Ongoing ambiguity surrounding Beijing's claims in the flashpoint East Sea will do nothing but to court conflict, analysts say
A Vietnamese naval soldier stands guard at Thuyen Chai Island in the Truong Sa (Spratly) Archipelago. The ambiguity of China's claims in the disputed East Sea has long raised hackles from the countries concerned an ambiguous Chinese law requiring foreign vessels to seek approval from Beijing's regional authorities to operate in the waters will do nothing but to court conflict, analysts say. PHOTO: REUTERS
An ambiguous Chinese law requiring foreign vessels to seek approval from Beijing's regional authorities to operate in the disputed East Sea could either corroborate China's belligerent rise in the region or discredit the country as a toothless power in the eyes of a nationalistic domestic audience, analysts say.
The rules, approved by China's southern Hainan Province, took effect on January 1 and compel foreign fishing vessels to obtain consent to enter the waters, which the local government says are under its jurisdiction.
The fishing curbs apply to two million square kilometers in the minerals and resource-rich East Sea, internationally known as the South China Sea, according to China's official news agency Xinhua.
The Vietnamese government, which is embroiled in a sovereignty dispute over the East Sea with China, has dismissed the rules as "illegal and invalid", calling them a serious violation of its sovereignty. Three other members of the Association of Southeast Asian Nations (ASEAN) - the Philippines, Malaysia and Brunei have also claimed areas in the waters.
The Philippines has joined the camp opposed to China's claims. So have the US and Japan, two powers with "no direct stake in the issue" in the words of China.
A Filipino senior official said Thursday the Hainan law did not apply to Philippine territorial waters.
"We will not follow their rules in our own territory. Why do we need permission from another country that does not own our fishing grounds? These are ours," Defense Secretary Voltaire Gazmin was quoted by AFP as saying.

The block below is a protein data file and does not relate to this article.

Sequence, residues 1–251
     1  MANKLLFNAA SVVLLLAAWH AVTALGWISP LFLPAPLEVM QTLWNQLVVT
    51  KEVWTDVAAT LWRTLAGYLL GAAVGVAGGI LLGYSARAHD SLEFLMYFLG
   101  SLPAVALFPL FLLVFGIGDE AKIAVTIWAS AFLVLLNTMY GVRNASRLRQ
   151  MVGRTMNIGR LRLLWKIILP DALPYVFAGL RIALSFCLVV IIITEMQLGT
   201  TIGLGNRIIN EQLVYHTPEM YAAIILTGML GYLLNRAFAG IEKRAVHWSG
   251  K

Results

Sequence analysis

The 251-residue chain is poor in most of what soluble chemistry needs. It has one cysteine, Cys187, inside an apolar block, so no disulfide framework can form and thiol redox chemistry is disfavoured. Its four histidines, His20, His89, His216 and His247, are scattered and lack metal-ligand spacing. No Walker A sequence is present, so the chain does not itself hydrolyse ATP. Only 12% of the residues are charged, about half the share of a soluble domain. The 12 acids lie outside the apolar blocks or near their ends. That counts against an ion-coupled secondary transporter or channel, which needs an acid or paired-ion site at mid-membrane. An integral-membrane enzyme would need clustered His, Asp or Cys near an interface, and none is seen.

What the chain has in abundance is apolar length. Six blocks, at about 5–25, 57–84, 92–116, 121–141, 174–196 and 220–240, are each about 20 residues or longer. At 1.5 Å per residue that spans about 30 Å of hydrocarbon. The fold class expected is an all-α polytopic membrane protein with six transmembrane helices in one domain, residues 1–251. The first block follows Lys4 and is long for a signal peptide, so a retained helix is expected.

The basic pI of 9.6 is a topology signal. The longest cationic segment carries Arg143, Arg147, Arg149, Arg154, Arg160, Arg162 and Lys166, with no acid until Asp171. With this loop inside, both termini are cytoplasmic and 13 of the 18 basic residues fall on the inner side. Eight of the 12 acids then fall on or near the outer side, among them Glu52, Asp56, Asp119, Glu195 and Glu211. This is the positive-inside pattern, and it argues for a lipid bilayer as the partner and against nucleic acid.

"We still have the capability to secure them (Filipino fishermen)."
Beijing has bristled at allegations that it is overreaching. China's Foreign Ministry spokesperson Hua Chunying said that the regulations were "according to international law."
Chinese experts argued that these rules are not new but simply Hainan's amendments to its existing fishing rules aimed at enhancing management of its administrative waters in the East Sea.
"Allegations calling the law a threat to regional stability are totally groundless," Li Guoqiang, a researcher of Southeast Asian studies at the Chinese Academy of Social Sciences, was quoted by Xinhua as saying Wednesday.
Analysts say the critical questions now are if, when and where the revised rules will be enforced, given that other claimants to the area are likely to snub them.
"These regulations may not be new or articulate new policy regarding foreign vessels in China's claimed waters. But they do beg the questions of "˜why now' and "˜why has China made an in-your-face reaffirmation of such a highly controversial provision'?" Mark Valencia, a Hawaii-based expert on the East Sea dispute, told Vietweek.